Rush desensitization (DS) is a widely used and effective clinical strategy for the rapid inhibition of IgE-mediated anaphylactic responses. However, the cellular targets and underlying mechanisms behind this process remain unclear. Recent studies have implicated mast cells (MCs) as the primary target cells for DS. Here, we developed a murine model of passive anaphylaxis with demonstrated MC involvement and an in vitro assay to evaluate the effect of DS on MCs. In contrast with previous reports, we determined that functional IgE remains on the cell surface of desensitized MCs following DS. Despite notable reductions in MC degranulation following DS, the high-affinity IgE receptor FcεRI was still capable of transducing signals in desensitized MCs. Additionally, we found that displacement of the actin cytoskeleton and its continued association with FcεRI impede the capacity of desensitized MCs to evoke the calcium response that is essential for MC degranulation. Together, these findings suggest that reduced degranulation responses in desensitized MCs arise from aberrant actin remodeling, providing insights that may lead to improvement of DS treatments for anaphylactic responses.
W.X. Gladys Ang, Alison M. Church, Mike Kulis, Hae Woong Choi, A. Wesley Burks, Soman N. Abraham
Radioiodide (RAI) therapy of thyroid cancer exploits the relatively selective ability of thyroid cells to transport and accumulate iodide. Iodide uptake requires expression of critical genes that are involved in various steps of thyroid hormone biosynthesis. ERK signaling, which is markedly increased in thyroid cancer cells driven by oncogenic
James Nagarajah, Mina Le, Jeffrey A. Knauf, Giuseppe Ferrandino, Cristina Montero-Conde, Nagavarakishore Pillarsetty, Alexander Bolaender, Christopher Irwin, Gnana Prakasam Krishnamoorthy, Mahesh Saqcena, Steven M. Larson, Alan L. Ho, Venkatraman Seshan, Nobuya Ishii, Nancy Carrasco, Neal Rosen, Wolfgang A. Weber, James A. Fagin
On page 3351, Cardenas et al. report the development of a high-affinity small-molecule inhibitor for the transcription factor BCL6, which is an important driver of diffuse large B cell lymphoma. The cover image is a graphic depiction of FX1 (green) interacting with the BCL6 BTB domain lateral groove pocket and displacing its natural ligand. Image credit: Sam Shlomo Spaeth, CMI.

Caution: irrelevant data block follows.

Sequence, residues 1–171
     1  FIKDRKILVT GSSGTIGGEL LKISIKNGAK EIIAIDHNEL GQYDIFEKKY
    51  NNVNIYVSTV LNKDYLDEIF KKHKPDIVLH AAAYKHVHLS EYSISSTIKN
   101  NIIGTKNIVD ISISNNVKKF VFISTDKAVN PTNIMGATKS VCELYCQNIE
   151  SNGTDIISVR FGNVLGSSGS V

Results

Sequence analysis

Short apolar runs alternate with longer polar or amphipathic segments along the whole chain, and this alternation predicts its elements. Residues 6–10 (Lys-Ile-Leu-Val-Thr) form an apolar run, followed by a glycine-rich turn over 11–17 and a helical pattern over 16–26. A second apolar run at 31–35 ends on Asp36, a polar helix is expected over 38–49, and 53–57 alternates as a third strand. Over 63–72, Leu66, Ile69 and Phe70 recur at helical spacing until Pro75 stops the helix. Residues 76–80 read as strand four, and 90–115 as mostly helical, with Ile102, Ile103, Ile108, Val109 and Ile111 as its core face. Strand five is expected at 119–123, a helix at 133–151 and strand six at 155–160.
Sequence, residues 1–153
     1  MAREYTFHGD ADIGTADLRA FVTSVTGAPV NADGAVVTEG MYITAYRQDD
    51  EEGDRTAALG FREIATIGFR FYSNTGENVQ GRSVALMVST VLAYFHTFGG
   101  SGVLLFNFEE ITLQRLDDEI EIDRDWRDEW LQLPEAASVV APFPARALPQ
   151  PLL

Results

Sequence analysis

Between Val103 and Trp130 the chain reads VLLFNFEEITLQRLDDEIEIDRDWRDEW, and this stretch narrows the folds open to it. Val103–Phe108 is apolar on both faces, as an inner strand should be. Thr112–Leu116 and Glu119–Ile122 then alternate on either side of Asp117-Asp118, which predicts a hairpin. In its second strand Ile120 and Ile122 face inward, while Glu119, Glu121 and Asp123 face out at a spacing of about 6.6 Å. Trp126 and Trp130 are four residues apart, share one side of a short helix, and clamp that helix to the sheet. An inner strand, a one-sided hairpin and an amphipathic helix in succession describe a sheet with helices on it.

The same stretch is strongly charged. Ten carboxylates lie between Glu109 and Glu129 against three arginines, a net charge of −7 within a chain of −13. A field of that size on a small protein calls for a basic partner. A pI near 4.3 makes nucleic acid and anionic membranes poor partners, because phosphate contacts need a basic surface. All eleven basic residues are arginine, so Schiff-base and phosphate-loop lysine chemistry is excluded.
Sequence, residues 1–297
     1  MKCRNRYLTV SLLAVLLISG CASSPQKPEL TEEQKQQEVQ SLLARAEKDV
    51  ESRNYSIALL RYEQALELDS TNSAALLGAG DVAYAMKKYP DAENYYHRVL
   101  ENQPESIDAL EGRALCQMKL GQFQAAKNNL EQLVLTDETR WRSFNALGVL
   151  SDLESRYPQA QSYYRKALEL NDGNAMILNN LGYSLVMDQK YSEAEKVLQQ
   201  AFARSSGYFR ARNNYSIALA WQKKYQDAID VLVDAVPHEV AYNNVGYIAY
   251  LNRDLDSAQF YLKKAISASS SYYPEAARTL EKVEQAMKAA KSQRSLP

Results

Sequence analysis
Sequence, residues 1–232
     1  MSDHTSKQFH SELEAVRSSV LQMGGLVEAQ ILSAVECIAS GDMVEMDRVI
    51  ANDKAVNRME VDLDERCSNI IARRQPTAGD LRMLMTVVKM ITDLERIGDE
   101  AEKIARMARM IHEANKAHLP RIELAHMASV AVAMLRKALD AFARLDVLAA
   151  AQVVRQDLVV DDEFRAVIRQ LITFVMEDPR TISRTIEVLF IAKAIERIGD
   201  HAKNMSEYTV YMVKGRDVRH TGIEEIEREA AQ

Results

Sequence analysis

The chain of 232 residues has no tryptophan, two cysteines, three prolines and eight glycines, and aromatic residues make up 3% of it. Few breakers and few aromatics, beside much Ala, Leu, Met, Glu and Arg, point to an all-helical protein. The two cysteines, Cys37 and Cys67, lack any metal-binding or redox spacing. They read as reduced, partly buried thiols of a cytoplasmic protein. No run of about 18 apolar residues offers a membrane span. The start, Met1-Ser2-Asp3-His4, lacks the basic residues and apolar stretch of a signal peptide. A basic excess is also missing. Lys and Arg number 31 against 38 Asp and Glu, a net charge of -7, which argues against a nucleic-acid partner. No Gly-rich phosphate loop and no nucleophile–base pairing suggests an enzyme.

JCI This Month is a digest of the research, reviews, and other features published each month.
Cell-to-cell communication is an essential component in multicellular organisms, allowing for rapid, coordinated responses to changes within the environment. Classical signaling mediators include direct cell-cell contact as well as secreted factors, such as cytokines, metabolites, and hormones. In the past decade, extracellular vesicles (EVs), including exosomes, microvesicles, and apoptotic bodies, have emerged as important mediators of intercellular communication. EVs are double-membrane vesicles containing cargoes of multiple proteins, lipids, and nucleic acids, which are derived from their cells of origin, and EV cargoes can change depending on the status of their originating cells. Importantly, EVs are found in all body fluids and can carry their cargoes to distant sites within the body as well as neighboring cells. Reviews in this series discuss the role of EV-mediated signaling in physiological and pathophysiological conditions, including infection, host immune responses, and cancer. Additionally, these reviews cover the potential clinical use of EVs as therapeutics and diagnostic biomarkers.